One of the most popular posts on my blog was one I shared 10 years ago about podcasting for churches.

Since that time much has changed, and yet I still receive questions on a regular basis about how to create a podcast for sermon audio. I wanted to share the basics of how you can start sharing your sermon audio through several different podcast providers.

Here are the basic steps you will need to follow:

  1. Record the audio
  2. Upload the audio to your website or podcast provider
  3. Create the Podcast feed and submit it to different services

Let’s break it down step by step.

Record the Audio for Podcasting

This is an important step. Many smaller churches have poor audio quality, which results in a podcast that is hard to listen to. You have several options, but I recommend recording the audio directly from the soundboard if possible. On many newer digital boards, you can record directly to an SD card or attached USB external drive. This would work great for sermons. Check out the QSC Touchmix, Presonus Studiolive or Behringer X32 series for easy to use digital soundboards.

If you have an older analog system, you can use an aux feed or tape out jacks to connect to a digital recorder or CD recorder. Recording directly from the board can eliminate static hum and ambient noise that a handheld recorder or camcorder will capture.

If you want more information on how to record the sermon audio, check out my detailed post about recording audio. I also talk about how to edit and save the file in the correct mp3 format for podcasts.

One final note: If you have static hum, find out what is causing it and fix it. Many audio-editing programs like Audacity can remove hum after you finish recording, but the resulting file can sound robotic. It is much easier to fix the problems at the source. Hum is usually caused by ground loop problems in your sound system. You can use direct boxes with a ground lift setting, or hum eliminators for computers or devices hooked up to sound system.

Upload the Audio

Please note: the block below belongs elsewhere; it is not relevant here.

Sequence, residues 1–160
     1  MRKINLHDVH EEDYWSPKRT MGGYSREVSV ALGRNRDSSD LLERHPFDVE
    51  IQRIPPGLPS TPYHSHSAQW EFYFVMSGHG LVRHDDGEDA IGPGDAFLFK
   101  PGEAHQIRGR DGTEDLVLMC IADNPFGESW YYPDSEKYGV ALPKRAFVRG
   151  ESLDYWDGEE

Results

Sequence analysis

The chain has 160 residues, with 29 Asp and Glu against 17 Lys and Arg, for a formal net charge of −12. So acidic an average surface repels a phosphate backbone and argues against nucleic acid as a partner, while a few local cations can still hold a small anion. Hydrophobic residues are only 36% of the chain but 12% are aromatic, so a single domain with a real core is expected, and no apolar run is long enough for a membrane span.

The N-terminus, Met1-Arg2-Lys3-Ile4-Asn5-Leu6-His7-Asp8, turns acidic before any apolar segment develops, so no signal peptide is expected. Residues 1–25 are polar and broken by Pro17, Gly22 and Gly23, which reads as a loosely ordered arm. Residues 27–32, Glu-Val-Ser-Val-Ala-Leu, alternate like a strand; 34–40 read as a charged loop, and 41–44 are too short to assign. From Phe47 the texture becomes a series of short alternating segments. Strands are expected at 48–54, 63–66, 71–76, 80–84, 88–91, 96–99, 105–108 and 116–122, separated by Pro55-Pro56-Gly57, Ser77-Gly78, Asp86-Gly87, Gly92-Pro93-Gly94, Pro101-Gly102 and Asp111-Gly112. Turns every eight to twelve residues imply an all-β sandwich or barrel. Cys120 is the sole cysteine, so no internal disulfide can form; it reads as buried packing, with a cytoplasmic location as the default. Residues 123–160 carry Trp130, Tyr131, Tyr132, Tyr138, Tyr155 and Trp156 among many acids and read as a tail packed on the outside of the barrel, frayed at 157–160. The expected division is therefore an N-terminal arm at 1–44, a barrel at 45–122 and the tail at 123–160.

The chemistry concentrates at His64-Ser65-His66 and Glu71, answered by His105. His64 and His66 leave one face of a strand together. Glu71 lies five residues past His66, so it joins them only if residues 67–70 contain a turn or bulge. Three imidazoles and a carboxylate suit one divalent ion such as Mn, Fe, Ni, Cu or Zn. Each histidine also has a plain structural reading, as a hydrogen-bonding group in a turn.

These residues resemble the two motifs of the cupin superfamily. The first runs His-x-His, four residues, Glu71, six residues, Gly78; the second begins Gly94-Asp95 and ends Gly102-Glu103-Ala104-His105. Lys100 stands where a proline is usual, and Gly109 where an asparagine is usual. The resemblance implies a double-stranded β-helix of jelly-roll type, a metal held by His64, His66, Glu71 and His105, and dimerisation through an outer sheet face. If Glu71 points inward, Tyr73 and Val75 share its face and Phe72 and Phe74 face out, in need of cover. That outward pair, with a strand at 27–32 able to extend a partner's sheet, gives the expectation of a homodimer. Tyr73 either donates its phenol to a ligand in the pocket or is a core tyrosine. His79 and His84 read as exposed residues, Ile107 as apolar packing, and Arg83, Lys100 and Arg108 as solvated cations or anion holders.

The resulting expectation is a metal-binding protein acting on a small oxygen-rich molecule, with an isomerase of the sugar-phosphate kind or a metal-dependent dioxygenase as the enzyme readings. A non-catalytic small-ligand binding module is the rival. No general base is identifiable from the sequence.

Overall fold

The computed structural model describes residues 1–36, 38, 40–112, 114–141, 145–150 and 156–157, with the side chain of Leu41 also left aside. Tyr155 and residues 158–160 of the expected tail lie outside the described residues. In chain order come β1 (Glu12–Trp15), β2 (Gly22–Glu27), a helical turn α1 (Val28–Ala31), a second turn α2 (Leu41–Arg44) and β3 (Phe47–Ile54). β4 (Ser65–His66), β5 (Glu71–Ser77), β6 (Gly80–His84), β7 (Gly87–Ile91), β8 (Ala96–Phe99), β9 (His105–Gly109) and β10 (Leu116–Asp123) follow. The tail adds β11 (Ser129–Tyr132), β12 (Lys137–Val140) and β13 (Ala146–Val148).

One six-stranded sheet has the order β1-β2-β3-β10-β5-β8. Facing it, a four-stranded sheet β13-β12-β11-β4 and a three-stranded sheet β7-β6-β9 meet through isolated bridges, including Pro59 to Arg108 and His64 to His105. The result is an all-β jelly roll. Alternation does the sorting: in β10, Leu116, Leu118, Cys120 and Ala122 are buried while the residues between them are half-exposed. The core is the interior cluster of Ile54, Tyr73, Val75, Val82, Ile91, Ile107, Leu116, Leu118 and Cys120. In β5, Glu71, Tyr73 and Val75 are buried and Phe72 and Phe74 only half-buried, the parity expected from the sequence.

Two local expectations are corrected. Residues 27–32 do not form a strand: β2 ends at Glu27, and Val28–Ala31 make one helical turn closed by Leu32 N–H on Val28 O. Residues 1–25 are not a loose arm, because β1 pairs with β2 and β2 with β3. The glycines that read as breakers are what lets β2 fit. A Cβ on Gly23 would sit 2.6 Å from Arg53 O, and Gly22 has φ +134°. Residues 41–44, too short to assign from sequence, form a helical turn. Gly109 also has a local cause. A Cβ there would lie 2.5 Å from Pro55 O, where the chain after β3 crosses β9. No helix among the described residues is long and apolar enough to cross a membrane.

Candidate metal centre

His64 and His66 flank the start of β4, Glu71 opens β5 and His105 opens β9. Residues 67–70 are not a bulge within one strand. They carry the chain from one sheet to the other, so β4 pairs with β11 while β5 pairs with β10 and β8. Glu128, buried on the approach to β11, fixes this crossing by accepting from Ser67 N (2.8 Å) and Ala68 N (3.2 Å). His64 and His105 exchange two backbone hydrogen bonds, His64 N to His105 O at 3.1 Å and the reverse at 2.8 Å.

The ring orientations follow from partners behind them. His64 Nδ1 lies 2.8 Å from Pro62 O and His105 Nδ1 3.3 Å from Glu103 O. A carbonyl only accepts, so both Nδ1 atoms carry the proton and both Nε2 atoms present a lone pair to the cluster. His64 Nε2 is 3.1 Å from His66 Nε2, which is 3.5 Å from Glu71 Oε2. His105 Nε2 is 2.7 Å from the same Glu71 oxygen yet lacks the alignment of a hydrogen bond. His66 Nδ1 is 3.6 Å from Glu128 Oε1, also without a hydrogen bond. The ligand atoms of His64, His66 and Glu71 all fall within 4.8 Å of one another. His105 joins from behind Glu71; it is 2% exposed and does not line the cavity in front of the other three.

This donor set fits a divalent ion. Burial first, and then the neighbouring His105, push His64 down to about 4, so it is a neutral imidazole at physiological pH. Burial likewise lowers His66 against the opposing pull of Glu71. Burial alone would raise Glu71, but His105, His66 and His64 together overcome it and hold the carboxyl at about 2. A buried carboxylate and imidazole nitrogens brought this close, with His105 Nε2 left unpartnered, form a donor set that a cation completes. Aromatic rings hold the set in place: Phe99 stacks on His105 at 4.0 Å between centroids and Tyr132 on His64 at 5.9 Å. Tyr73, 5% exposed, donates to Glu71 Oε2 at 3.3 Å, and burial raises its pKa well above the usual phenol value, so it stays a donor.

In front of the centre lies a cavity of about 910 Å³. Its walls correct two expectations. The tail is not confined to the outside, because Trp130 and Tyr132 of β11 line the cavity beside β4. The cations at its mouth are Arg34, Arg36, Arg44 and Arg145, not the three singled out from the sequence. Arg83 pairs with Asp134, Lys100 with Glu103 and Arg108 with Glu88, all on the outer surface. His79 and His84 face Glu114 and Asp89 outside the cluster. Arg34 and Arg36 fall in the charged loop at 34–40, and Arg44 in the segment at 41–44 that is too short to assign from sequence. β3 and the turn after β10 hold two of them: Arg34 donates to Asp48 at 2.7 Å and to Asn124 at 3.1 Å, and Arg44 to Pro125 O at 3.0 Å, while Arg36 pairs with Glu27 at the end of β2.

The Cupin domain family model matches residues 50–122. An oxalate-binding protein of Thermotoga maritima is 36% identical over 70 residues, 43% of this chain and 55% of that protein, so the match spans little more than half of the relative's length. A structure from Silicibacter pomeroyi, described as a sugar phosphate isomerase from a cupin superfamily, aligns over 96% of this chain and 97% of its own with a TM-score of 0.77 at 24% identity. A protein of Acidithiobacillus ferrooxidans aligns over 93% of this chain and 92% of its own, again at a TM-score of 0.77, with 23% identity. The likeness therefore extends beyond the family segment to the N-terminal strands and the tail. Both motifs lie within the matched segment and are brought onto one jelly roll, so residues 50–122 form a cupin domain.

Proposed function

This will require some research. First, you will need to check with your website provider. If you don’t have a website, then I suggest you stop right here and pick one that offers podcast support. Many church website providers have built-in podcasting support, so you will need to find out how to upload your audio and create a feed.

I highly recommend doing your own website using WordPress. Using the self-hosted WordPress system, you can easily add a theme from ChurchThemes and end up with a great looking and easy to use church website. You will have the added bene t of being able to sort through your sermons by author, topic, scripture and series. ChurchThemes has a great tutorial section on their website sharing how this works.

If you use another website service that doesn’t offer built-in podcasting, you will have to use a third party system to store your audio files.

You can look at Buzzsprout, Libsyn, BluBrry or SoundCloud. These will require a monthly fee, and are a little more complicated to setup and embed on your website, but you can still end up with a great result.

Submit the Podcast Feed

Now comes the fun part. Depending on which system you use, you will have to find the podcast feed that is generated for you. This will be an RSS feed that you will submit to iTunes and the other providers. Each system is different, but a quick Google search can help you find the info you need. For WordPress websites using a theme from ChurchThemes, you will find the necessary info on their podcasting guide. For our church WordPress site, I use the Blubrry Powerpress plugin to add additional information to the podcast feed. If you use WordPress, it will work with any theme and create the podcast feed for you.

I recommend submitting the RSS feed to iTunes, Stitcher, Google Play and TuneIn. Here is a great online guide that will help you with the basics of submitting your feed.

Submission Links 

Here are a few products I mentioned in the blog post. Disclaimer, some of the hardware and service links are affiliate links. I only recommend services that I use and like, and the affiliate links help cover the cost of running my blog.

This article originally appeared here.